The Fixer


The National Survivor Advocates Coalition (NSAC) applauds the efforts of the two survivors on the papal commission regarding sexual abuse, Marie Collins of Ireland and Peter Saunders of the United Kingdom along with the two other commission members who supported their efforts to raise the issue at the Vatican of the unacceptability — to put it mildly — of Bishop Barros’ appointment and installation as the head of the Diocese of Osorno, Chile.

Survivors in Chile accuse Bishop Juan de la Cruz Barros Madrid of covering up for the Rev. Fernando Karadima whom the Vatican convicted of abuse in 20011. Three Chilean survivors accuse Barros of witnessing their abuse by Karadima

While we applaud the actions of the commission members, we are appalled that they are the people who had to initiate the action to speak with the commission chair, Cardinal Sean O’Malley and through him seek to get the attention of Pope Francis.

Cardinal O’Malley, who not only is president of the papal sexual abuse comission but is a member of the Pope’s kitchen cabinet, formally known as the Council of Nine, gets a newspaper and has access to radio, television, and Internet – and as a blogging Cardinal he certainly knows how to use the technology of communications.

He is not unaware by a longshot of the protests and objections to Bishop Barros and the reasons why this appointment needs to be rescinded.

It is Cardinal O’Malley who should have assured the members of the papal sexual abuse commission that he had already contacted Pope Francis and the issue would be front and center on this week’s meeting of the Council of Nine with Pope Francis, eliminating any need for the survivors and the other two commission members to travel to Rome or entreat him to seek redress of this appointment that insults and hurts survivors.

But Cardinal O’Malley didn’t take that action. He continued his long history as a fixer for the Vatican regarding sexual abuse beginning with his appointment in 1992 as the bishop of Fall River, MA as a clean up action of the revelations of the notorious abuser James Porter.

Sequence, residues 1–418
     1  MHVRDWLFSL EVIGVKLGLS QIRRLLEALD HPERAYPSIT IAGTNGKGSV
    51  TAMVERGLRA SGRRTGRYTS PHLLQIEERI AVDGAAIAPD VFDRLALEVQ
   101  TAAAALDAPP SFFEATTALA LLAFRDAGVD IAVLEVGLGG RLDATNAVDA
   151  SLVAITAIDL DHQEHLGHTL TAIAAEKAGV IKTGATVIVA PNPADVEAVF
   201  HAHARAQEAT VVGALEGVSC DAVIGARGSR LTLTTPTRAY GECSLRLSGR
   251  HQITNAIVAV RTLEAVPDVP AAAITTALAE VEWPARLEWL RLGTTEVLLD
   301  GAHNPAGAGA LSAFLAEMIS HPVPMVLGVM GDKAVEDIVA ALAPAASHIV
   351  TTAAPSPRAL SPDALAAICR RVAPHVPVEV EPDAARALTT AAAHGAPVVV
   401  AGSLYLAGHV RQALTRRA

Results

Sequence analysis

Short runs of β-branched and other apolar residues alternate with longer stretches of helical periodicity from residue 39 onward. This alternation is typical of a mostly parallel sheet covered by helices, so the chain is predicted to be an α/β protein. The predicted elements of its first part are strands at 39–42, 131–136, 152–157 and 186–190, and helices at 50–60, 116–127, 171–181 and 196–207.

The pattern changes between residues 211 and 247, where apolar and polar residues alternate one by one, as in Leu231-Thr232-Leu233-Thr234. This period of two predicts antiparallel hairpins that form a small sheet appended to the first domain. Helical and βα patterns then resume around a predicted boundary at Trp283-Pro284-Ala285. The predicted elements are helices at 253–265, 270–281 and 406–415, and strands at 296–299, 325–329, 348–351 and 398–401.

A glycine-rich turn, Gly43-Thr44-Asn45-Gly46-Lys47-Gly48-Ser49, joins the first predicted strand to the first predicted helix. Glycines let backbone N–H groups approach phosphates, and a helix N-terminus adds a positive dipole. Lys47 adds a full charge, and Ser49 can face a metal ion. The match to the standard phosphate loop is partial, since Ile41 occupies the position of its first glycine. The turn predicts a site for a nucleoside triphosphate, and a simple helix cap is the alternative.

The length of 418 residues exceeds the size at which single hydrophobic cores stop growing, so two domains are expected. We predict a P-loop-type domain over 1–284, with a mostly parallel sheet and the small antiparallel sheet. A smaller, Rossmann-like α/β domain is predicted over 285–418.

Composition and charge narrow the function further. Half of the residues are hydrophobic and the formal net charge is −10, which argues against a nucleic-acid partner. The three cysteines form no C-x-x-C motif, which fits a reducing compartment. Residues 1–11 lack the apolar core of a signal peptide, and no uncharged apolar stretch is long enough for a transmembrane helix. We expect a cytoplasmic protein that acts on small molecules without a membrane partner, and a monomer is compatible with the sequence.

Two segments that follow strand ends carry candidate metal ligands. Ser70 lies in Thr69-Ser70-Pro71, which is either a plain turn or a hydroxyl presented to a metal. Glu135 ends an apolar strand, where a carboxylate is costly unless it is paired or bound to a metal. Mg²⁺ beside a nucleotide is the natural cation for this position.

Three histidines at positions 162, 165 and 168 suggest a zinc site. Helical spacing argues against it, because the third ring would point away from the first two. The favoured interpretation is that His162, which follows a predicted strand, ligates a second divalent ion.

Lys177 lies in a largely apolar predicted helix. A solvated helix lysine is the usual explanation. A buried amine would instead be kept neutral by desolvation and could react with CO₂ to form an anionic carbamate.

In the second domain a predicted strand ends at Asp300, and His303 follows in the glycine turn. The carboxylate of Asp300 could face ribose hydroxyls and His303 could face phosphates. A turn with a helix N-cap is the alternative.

Sitting at a meeting with survivors and agreeing to convey their sentiments to another authority is a hallmark of Cardinal O’Malley’s. He has finely honed the skill of the appearance of action and empathy.

If you enjoy theater, Cardinal O’Malley’s performance that builds yet another protective tent for hierarchs while continuing to disguise him as a champion of reform is stellar.

The news reports of the meeting that the commission members held with Cardinal O’Malley on Sunday evening reveal that all Cardinal O’Malley agreed to do was raise the issue with Pope Francis. An issue, mind you, that the commission members had to bring to him, not one that he could see beforehand.

We have no doubt that Cardinal O’Malley was true to his word. He brought the issue up at a session of the Council of Nine with Pope Francis present. What that did was result in the speaking about what the Pope and Cardinals already know — there is opposition to the appointment of Bishop Barros by survivors and members of the papal abuse commission.

ZENIT’s report of the Council of Nine’s meeting includes these paragraphs (Ninth Meeting of the Council of Nine Concludes):

During the meeting of the Council of Cardinals, Cardinal Sean O’Malley, president of the Commission for the Protection of Minors, discussed the theme of accountability regarding superiors (either bishops or religious) of priests involved in cases of abuse.

The Council went on to evaluate the methods and procedures in confronting the “failure of responsibility” and “abuse of office” on the part of authorities responsible for supervising.

According to Fr. Lombardi, Cardinal O’Malley met on Sunday with members of the Commission for the Protection of Minors, who asked him to “make present to the Pope their worries on those who have important roles in the Church and their qualifications for assuming adequate responsibility for the protection of minors.”